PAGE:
Our last three issues were devoted exclusively to the reprinting of the documents which define or government and the American Way. It is hoped that the members will keep them accessible for reference. For the current political scene leaves little doubt that they will be in constant misuse by the opponents of labor.
Page one contains some statistics:
current membership: 895
members in the armed forces: 243
members in allied war industries: 100
Employment of returning veteran members is marked as the priority for the guild.
It goes on to ask a series of questions.
Where is the animation industry going in the future?
What are its possibilities (educational, advertising, amusement)?
Is it being used to the best advantage (by the producer, by the Union members, by the purchaser)?
Is the medium and its possible uses known?
Is the medium and its possible uses being publicized?
Will new advances in procedure affect it? (color/black and white? New cameras? Television?)
It suggests the union members ask these questions of themselves:
What is our importance to the Industry?
What are our qualifications?
What will be required of us?
What is our backgroud? (experience in years/experience in jobs/education/special training/previous experience)
What of our future?
Midway through page two, the editors launch a defense of the Union's political activity.
Here they differentiate between politics and law. No interest in politics, they claim, only interested in the law and it's administration.
There may be a page missing here. It picks up mid-sentence and I haven't found the connection (proof: always number your pages! Shouldn't animators know this?)
This next page is a Declaration of Principles, mostly on the "treatment of minorites".
Interesting that cartoonists are being asked to amongst other things "Never characterize a member of any race according to the myth that the race as a whole is inherently shiftless, happy, miserly, superstitious, inscrutable, subservient, anti-democratic, etc. The use of racial cliches and caricatures for comedy purposes is a particularly vicious form of this distortion.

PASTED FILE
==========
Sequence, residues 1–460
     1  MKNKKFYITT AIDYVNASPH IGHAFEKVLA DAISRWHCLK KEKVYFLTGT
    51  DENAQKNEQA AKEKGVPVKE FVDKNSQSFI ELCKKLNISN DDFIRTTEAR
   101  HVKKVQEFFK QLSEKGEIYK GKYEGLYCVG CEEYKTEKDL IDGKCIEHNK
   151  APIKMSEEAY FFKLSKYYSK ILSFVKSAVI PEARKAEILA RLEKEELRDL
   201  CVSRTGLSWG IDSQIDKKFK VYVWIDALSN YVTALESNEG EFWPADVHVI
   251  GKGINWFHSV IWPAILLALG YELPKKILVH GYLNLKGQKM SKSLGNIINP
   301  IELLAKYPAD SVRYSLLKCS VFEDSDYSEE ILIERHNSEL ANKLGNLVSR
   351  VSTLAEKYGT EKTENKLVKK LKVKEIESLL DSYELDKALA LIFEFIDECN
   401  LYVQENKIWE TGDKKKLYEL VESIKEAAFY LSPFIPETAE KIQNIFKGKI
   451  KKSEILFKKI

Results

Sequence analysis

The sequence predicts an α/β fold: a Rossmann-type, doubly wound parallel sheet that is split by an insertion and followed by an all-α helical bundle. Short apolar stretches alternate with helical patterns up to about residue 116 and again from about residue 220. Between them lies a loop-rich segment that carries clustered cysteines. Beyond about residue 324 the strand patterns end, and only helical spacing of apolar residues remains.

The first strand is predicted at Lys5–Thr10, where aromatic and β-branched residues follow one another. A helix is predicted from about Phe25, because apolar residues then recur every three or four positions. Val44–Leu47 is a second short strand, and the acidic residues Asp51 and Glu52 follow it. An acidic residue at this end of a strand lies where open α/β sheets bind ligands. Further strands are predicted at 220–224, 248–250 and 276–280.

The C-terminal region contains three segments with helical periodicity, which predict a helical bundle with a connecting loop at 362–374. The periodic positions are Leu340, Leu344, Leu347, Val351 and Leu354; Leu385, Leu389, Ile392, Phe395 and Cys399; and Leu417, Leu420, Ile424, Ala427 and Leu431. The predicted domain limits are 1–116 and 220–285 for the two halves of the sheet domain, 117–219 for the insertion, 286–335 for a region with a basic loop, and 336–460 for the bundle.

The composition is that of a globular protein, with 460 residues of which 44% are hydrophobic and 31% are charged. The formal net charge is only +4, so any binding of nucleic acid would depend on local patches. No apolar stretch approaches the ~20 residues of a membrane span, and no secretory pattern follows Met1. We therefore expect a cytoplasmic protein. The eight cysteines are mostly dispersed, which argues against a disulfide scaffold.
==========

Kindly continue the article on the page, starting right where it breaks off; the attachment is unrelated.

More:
And more. Very interesting page (click to read the whole thing)
This page includes a letter from the front:
While in Italian Eritrea [Ethiopia], five officers and myself were driving quite a good distance from camp looking for a good meal without the taint of tin. Descending a mountainous bumpy road we spied a low rambling building with a huge Mickey Mouse painted on a sign board, eating spaghetti. The Mickey looked as though laboriously painted by some demented Ethiopian witch doctor, but we recognized it by the ears.
We stopped out of curiosity to see what the interior of this "African Roadhouse" would be like. There was a long wooden bar, fortunately stacked with a good selection of Italian wines and little tables with brightly colored table cloths. On the doors and mirrors, in fact almost everyplace but the walls, were drawn characters of the cartoon industry.
The proprietor, a rolly polly Italian, was bowing and making explosive Italian sounds, indicating his wine stock with may Shakespearean flourishes. We obliged.
I draw a Mickey and a Duck for him on some scrap paper which immediately started an Italian uproar. From his gesticulations and rather hair pulling pleadings I gathered he wanted a Mickey drawn on the choice spot of the wall. While the rest of the gluttonous officers were attacking antipasto, spaghetti, raviola and some real honest to God charcoal broiled steaks, I was sketching Mickey on the wall. After having our fill of food, sparkling burgundy and various other wines, we asked for the bill which was violently refused. Here was this little fat Italian leaning against the wall with his hands clasped, practically purring, his eyes on the sketch and refusing to let us pay a cent....
Capt. Robert G. Leffingwell
These pages may be out of sequence, but that story is timeless.